Natural Flavors From Taco Mesa Define Mexican Food


Those lucky enough to be anywhere in the vicinity of Costa Mesa should run right over to Taco Mesa, a pink brick edifice hard by a commercial block of West 19th Street.

The restaurant is owned by Ivan Calderon, a former employee of the El Torito chain and a terrific chef and innovator. Its little patio tables (that can barely stand up straight) are crowded at almost any hour, though a good deal of Calderon’s business is para llevar, Spanish for to go: everything from saucy burritos wrapped up on paper plates to a deliciously homey lentil soup with chunky red potatoes and smoked bacon put up in plastic foam cups.

Order from Calderon himself at the counter, then watch how his animated Spanish-speaking brigade of cooks dances around the grill putting your order together.


Just to the left of the counter is a terrific salsa bar, the best in Orange County, where those with a taste for down-home Mexican cooking can load up with fabulous cabbage relish, homemade pickled vegetables, salsas in muted brown and red and green Diego Rivera-style colors, chopped onions and fresh, leafy cilantro.

Calderon uses no lard, MSG, preservatives or coloring in his cooking; as a result his supremely natural flavors define Mexican food for Orange County. Taco Mesa’s quesadilla rajas, for example, is a dish better than most local pizzas--crisp, dry grilled flour tortillas cut into wedge-shaped slices with an ooze of cheese and strips of roasted pepper in the middle.

Tortas (Mexican sandwiches) travel especially well. Try the fabulous al pastor, pork marinated in red spices, dripping with flavor on a crusty roll with avocado, onions, lettuce and tomato.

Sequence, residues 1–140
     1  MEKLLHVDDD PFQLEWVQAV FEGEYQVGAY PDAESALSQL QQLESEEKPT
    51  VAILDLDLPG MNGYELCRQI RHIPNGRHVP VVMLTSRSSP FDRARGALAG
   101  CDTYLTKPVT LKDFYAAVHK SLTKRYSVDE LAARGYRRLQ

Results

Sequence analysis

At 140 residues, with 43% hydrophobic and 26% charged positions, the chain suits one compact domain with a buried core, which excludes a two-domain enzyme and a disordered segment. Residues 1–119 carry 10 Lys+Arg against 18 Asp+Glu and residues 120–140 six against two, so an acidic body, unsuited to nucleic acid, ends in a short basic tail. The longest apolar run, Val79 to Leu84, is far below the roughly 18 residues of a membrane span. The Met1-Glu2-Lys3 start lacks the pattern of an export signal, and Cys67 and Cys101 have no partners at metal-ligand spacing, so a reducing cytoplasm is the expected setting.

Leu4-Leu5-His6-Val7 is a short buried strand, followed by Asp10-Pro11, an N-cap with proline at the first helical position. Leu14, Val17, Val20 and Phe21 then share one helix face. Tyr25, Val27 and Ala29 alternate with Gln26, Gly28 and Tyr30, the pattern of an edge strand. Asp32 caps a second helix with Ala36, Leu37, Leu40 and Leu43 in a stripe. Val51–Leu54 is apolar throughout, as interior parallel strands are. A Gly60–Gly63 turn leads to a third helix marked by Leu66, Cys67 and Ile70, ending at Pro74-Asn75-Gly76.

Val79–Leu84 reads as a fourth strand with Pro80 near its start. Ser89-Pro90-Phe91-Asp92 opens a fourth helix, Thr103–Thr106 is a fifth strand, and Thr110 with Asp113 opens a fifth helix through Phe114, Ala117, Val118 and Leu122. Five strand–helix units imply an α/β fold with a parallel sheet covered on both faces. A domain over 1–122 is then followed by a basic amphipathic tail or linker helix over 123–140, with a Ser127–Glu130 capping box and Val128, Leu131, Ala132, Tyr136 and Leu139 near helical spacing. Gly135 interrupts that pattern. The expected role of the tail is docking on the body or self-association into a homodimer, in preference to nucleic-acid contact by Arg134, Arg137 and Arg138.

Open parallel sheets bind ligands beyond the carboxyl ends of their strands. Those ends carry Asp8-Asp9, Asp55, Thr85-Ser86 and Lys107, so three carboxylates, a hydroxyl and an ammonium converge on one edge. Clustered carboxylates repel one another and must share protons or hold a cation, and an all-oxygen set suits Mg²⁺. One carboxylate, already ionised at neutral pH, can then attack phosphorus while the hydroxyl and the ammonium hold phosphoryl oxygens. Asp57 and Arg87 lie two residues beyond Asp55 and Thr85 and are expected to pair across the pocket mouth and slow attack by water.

Daily especiales span the length of Mexico, from chicarones en chile rojo, stewed bits of pork skin in a smoky red chili sauce, to blackened calamari tacos, salty bits of fiery squid in corn tortillas, sprinkled liberally with crumbled cotija cheese.

Most any Mexican food stand specialty is available--sloppy nachos on great homemade tortilla chips, giant burritos that must weigh 1 1/2 pounds, soft tacos with fillings such as Calderon’s nearly fat-free carnitas (shredded roasted pork) and wonderful side dishes such as beans a la olla, whole beans in their own juices (emphatically not refried) or the kitchen’s fragrant, fluffy rice, easily the best Mexican rice around.

For breakfast, there is a variety of egg dishes--such as a potato and chorizo omelet, or eggs a la Mexicana, scrambled with onions, tomatoes and cilantro--for slopping up with the various salsas.

The fresh juices are squeezed to order from carrot, apple, orange, celery and pineapple. You can get these thick, pulpy juices all day, in little plastic foam cups ideal for carry out.

Calderon’s combination juice, as thick as a milk shake, is for the intrepid. I had one for breakfast and spent the rest of the day thinking I was Jack LaLanne.



647 W. 19th St., Costa Mesa.

Open from 9 a.m. to 10 p.m. Sundays through Thursdays, till 11 p.m. Fridays and Saturdays.

Cash only.